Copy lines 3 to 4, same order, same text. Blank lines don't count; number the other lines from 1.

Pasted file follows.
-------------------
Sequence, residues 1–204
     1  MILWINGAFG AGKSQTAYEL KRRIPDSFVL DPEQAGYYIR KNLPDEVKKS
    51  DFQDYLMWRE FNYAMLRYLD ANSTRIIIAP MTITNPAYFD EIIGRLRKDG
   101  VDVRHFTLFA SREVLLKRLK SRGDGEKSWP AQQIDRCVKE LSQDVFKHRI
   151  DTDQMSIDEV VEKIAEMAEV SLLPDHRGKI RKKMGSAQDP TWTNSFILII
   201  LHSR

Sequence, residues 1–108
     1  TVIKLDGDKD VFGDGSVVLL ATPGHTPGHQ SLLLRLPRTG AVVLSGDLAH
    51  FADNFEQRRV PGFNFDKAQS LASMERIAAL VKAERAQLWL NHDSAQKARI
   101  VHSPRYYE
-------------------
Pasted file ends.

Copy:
    51  DFQDYLMWRE FNYAMLRYLD ANSTRIIIAP MTITNPAYFD EIIGRLRKDG
   101  VDVRHFTLFA SREVLLKRLK SRGDGEKSWP AQQIDRCVKE LSQDVFKHRI